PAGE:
Take the 2-minute tour ×
Stack Overflow is a question and answer site for professional and enthusiast programmers. It's 100% free, no registration required.

So let's say I've got a synthesized property for a UITextField which I have named field1. From my understanding is that you should use self.field1 = newValue to change the field1 value. By using the dot notation you automatically use the created setter by the compiler. (Or use it without dot notation [self setField1:newValue])

But I've seen examples where they use this same dot notation method on setting the field1's ivars like:

field1.text = @"Text";

Does this mean that when declaring a property you can automatically use dot notation on all that property's ivars? Or is this possible only because in that UITextField class the ivar "text" is declared as a property? Say if text wasn't declared as a property would the correct way to set the text ivar be:

[field1 setText:@"Text"]
share|improve this question

5 Answers 5

up vote 21 down vote accepted


@interface Foo:NSObject
   int bar;

@property int age;

- (int)bar;
- (void)setBar:(int)anInt;

@implementation Foo
@synthesize age;

- (int)bar { return bar; }
- (void)setBar:(int)anInt { bar = anInt; }

You can:

- (void)makeMyFunkThePFunk
   Foo *foo = [Foo new];
   foo.bar = 5;
   [foo setBar: 42];

   [foo setAge: 29];
   foo.age = 42;

   [foo setAge: foo.bar];
   [foo setBar: foo.age];

@property is nothing more than a bit of syntax for declaring setter/getter methods more easily, including the automatic synthesis of both the instance variables and the implementation methods, if desired.

The dot syntax is shorthand for a method call. Any "dot" expression can be turned into an equivalent method call and using the dot syntax does not require an @property declaration.

share|improve this answer
So dot notation can be used as an equivalent to the setter/getter method as long as there is a set and get method for the ivar? (I'm assuming that if you didn't have the bar and setBar methods you can't use the foo.bar call?) –  Peter Warbo May 25 '11 at 21:24
Exactly. Dot syntax and @property are orthogonal. –  bbum May 25 '11 at 21:33
Thanks! I think I've got my bases covered then. Though it is confusing. I think I will stick to coding with brackets. Feels that there will be less confusion that way. –  Peter Warbo May 25 '11 at 21:46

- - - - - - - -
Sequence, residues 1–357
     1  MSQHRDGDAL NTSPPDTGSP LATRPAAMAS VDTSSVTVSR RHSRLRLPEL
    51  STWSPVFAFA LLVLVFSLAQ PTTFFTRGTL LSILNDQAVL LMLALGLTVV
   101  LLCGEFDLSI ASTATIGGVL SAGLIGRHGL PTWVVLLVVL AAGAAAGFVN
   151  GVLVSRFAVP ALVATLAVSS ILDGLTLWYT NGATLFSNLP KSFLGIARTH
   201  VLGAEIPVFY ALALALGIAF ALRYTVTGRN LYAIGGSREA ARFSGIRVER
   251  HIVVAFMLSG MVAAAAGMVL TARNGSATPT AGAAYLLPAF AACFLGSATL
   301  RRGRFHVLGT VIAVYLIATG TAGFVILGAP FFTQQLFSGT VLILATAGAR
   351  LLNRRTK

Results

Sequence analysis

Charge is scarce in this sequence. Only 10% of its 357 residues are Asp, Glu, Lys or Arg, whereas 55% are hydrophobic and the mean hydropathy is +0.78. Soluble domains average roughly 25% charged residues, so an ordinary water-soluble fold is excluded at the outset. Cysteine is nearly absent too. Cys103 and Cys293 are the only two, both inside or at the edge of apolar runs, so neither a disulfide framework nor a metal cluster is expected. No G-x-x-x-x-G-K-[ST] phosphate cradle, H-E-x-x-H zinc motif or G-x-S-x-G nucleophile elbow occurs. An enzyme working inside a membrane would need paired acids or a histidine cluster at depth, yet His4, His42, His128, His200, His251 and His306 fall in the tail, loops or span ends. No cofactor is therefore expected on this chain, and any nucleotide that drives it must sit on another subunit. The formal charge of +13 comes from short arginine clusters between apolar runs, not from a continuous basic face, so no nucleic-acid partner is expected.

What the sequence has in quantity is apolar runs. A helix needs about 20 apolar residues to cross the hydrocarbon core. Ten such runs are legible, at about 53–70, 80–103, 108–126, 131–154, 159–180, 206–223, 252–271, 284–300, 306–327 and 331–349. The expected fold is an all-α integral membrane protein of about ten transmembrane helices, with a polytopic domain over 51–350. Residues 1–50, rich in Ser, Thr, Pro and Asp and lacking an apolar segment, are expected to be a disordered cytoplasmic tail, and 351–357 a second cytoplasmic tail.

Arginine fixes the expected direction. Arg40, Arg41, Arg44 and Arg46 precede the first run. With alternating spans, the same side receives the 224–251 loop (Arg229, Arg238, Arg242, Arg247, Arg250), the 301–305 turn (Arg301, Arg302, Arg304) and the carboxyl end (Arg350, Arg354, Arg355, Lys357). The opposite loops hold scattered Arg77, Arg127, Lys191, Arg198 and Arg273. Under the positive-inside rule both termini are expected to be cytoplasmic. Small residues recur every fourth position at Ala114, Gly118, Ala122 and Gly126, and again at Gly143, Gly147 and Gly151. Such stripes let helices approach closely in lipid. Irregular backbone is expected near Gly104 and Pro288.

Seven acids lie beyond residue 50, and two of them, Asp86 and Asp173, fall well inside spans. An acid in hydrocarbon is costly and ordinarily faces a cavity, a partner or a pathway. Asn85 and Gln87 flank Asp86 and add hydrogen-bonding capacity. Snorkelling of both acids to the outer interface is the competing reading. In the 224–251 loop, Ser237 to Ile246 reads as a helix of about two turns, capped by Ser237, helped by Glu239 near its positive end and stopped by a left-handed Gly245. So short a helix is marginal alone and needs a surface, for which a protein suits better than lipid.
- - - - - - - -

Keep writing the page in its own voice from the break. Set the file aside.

It is a matter of taste. Do what comes most naturally to you. There are very minor subtle differences between dot and method calls, but only at compile time; the generated code is the same. Namely, the dot syntax is more tightly type-safe validated at compile time. –  bbum May 25 '11 at 22:20
@bbum Is there any publicly available information to show that dot syntax being more tightly type-safe validated at compile time? –  Snow Crash Feb 14 '13 at 11:06

Or is this possible only because in that UITextField class the ivar "text" is declared as a property?

This is correct. You can use the dot notation on anything that's declared as a property.

share|improve this answer
You can use dot syntax on any setter/getter, no @property needed –  bbum May 25 '11 at 16:14
Can you give me an example please. –  Peter Warbo May 25 '11 at 16:18
Yes. See my answer. While Amorya's answer is correct, the implication that @property is required is wrong. –  bbum May 25 '11 at 18:04
field1.text = @"Text";


[field1 setText:@"Text"]

are equivalent, and you would expect them to be, but field1.text could call almost any method if the property was defined differently: @property(getter=someOtherMethod)NSString * text;

share|improve this answer

Property declarations do not apply automatically to ivars' components.

In your example,

field1.text = @"Text";

text is also declared as a property in UITextField. This is why you can use it like that.

share|improve this answer

You can access the property of properties with dot notation.

self.field1.text = @"test";

There's nothing special going on. self.field1 returns a UITextField. text is the name of a property of that text field.

In response to your comment, self.field1 accesses the property, field1 is the ivar. My example given above is exactly equivalent to:

[[self field1] setText:@"test"];

Either one will work, but you generally want to use the property accessors like: self.field1.text

share|improve this answer
If using dot notation. What would be the correct way actually to access that property? Either self.field1.text = @"test"; (as you wrote) or field1.text = @"test"; –  Peter Warbo May 25 '11 at 15:34
@Peter: I edited my answer. –  kubi May 25 '11 at 15:42
I'm not completely following you here. What's the difference between the two calls you examplified and these two calls: field1.text = @"test" and [field1 setText:@"test"] ? –  Peter Warbo May 25 '11 at 15:49
No difference at all but syntax. Compiled result is identical. –  bbum May 25 '11 at 16:15

Your Answer


By posting your answer, you agree to the privacy policy and terms of service.

Not the answer you're looking for? Browse other questions tagged or ask your own question.